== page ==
Niagara Gazette

April 10, 2013

N-W talks cash

By Timothy Chipp
Niagara Gazette

Niagara Gazette — Niagara-Wheatfield School Board member Christopher Peters has a fear he shared with a captive audience during the board's latest meeting Wednesday.

He said despite the school's financial and operational outlooks for the 2013-14 school year, he's worried the budget he and his colleagues are due to adopt in the next few weeks will fail when voters hit the polls May 21.

Though not finished, the plan is expected to continue the district's recent trend of hitting taxpayers hard in the pocketbook. Officials are still preparing to present a 5.91 percent increase to the district's tax levy, the figure the district cannot exceed under this year's property tax threshold.

But Peters' fear is rooted in a lack of attention from the general public, with small crowds listening to the meetings and very few taking in what's talked about via the district's online streaming option.

"Nobody's here to get the message," Peters said. "This is the one time people get to vote on their own tax increase. And who votes for their own taxes to go up? Normally, it's some politicians deciding to just increase taxes. It's just a shame they attached this to quite possibly the one good thing in people's lives, which is your child's education."

Planners are still dealing with a financial shortfall in preparing the 2013-14 spending plan, even after New York state adopted its budget last week. The district received approximately $300,000 additional state aid in the actual formulas compared to what Gov. Andrew Cuomo presented in February's executive budget.

But the extra money isn't good enough locally, as officials have to close a $1.4 million – a number developed based on Cuomo's proposal – gap. Coming off last year's more than 60 layoffs, the gap could be devastating a second year in a row.

So, school board President Steven Sabo said, what's left is extremely popular non-mandated programs which make Niagara-Wheatfield special. And once they're gone, there's going to be a lot more questions to answer, he said.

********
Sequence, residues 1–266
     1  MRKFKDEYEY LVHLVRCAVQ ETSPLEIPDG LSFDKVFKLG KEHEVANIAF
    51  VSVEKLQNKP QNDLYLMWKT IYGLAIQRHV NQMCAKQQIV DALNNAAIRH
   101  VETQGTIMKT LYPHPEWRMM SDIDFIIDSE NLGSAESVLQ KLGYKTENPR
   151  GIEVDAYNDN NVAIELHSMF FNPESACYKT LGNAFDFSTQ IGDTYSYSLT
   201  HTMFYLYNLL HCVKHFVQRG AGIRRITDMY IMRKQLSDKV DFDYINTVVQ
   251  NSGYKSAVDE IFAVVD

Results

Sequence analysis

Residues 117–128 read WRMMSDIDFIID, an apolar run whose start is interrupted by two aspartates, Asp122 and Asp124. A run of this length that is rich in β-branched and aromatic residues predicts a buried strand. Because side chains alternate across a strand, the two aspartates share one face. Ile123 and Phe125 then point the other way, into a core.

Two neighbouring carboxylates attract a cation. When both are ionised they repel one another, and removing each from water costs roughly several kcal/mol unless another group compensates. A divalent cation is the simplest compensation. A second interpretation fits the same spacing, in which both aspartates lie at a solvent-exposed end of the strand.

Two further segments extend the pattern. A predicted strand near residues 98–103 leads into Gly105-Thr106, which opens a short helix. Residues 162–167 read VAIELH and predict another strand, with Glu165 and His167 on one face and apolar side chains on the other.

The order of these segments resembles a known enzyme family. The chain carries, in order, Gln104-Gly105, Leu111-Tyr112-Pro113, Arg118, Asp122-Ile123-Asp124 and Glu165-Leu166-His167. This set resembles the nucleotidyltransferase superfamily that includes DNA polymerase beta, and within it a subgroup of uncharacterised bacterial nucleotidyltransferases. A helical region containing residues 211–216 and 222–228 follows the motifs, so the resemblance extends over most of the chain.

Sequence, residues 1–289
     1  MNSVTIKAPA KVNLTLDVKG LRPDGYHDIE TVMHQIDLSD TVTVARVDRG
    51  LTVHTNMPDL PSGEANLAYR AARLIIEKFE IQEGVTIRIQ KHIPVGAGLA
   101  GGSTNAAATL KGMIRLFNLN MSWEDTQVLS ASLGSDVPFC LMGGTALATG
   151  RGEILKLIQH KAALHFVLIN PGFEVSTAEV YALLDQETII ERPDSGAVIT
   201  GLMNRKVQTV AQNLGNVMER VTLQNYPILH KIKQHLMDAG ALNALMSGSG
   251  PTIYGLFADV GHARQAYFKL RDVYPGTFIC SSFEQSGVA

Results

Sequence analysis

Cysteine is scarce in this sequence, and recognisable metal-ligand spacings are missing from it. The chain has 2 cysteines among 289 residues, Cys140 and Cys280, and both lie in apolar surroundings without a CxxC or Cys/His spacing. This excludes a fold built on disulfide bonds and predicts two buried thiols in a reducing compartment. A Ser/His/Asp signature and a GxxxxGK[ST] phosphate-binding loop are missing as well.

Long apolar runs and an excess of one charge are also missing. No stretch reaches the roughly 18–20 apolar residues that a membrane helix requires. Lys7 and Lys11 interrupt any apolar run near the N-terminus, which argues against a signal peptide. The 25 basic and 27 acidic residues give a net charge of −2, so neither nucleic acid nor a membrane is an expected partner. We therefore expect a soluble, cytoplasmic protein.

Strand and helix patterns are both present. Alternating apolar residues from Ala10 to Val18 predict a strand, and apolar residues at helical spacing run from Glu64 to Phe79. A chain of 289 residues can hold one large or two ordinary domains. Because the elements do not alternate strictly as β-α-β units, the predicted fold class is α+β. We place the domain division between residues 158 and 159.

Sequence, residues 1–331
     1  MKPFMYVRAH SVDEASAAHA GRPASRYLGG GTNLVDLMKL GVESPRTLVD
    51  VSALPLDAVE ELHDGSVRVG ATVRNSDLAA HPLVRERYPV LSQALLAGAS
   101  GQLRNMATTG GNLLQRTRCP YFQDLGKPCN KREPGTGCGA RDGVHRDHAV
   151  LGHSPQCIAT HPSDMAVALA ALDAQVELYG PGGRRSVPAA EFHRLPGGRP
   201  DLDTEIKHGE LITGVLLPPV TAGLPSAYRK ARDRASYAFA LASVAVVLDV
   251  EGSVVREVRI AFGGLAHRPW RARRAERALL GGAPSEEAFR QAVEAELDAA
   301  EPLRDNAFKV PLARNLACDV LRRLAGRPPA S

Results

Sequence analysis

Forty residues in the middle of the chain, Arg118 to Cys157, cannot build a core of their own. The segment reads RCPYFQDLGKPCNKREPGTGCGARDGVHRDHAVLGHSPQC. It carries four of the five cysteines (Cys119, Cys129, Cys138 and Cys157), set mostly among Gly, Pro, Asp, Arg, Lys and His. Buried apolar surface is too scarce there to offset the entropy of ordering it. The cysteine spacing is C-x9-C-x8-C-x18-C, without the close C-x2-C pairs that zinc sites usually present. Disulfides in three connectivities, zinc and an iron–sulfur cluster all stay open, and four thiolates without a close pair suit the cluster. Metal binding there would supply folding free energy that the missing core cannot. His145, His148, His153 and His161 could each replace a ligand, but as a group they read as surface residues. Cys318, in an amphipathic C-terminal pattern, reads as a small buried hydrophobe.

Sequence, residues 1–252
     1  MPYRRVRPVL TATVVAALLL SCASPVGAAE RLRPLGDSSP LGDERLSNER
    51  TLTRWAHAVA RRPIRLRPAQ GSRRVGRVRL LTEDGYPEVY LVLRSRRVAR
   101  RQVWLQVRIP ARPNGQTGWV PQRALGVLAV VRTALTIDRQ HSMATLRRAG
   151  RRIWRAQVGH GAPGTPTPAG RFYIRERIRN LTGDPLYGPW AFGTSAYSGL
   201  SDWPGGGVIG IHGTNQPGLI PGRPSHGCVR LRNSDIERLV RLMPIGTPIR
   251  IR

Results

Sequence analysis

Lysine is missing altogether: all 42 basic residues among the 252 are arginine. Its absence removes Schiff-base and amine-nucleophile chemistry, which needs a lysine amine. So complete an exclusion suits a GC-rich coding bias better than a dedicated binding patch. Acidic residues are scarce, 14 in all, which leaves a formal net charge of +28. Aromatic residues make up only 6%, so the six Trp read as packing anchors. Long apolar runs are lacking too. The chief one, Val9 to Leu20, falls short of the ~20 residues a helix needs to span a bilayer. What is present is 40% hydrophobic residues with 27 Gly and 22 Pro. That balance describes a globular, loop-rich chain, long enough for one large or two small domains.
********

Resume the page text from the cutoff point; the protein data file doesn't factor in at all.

"Our list of those things we can cut are kindergarten, music and sports," he said. "We can't raise class sizes anymore, because there won't be enough teachers to offer any programs for our kids to take. We might as well call up Niagara Falls, Lewiston, Starpoint and North Tonawanda and just disperse our students there. We won't have a school."

With no increase to the district's tax levy, though, the district would need to close a more-than-$3 million gap, effectively eliminating all of those non-mandated items, including elementary music, varsity and junior varsity sports and full-day kindergarten, Sabo said.

How did Niagara-Wheatfield find itself in such a desperate situation? Unlike last year's debacle, which was created through questionable accounting practices, much of this year's increase is driven by rising unfunded mandates New York has passed down the ladder.

Contributions to health care and the teacher and employee retirement systems have all led to increased costs which the state doesn't provide money to offset. But the biggest blow to Niagara-Wheatfield's finances is the Gap Elimination Adjustment.

Conceived by then-Gov. David Paterson following the housing market bubble burst prior to the 2008 presidential election, the GEA was an attempt to close the state's multibillion-dollar deficit by taking a percentage of each of the state's school district's foundation aid, the most common form of state money schools receive.

Niagara-Wheatfield is scheduled to pay back $3.4 million of its state aid next year, after returning $4.6 million in this year's budget. Combined, the district has returned approximately $17 million in money it could have used since the GEA was instituted four years ago.

"The state's saying we can't give you what the formulas should provide while it's also limiting what we can have the taxpayers provide (under the state's tax cap)," Interim Business Manager Richard Hitzges said. "There would be no conversation (about a budget gap)."

Contact reporter Timothy Chipp at 282-2311, ext. 2251 or follow on Twitter @timchipp.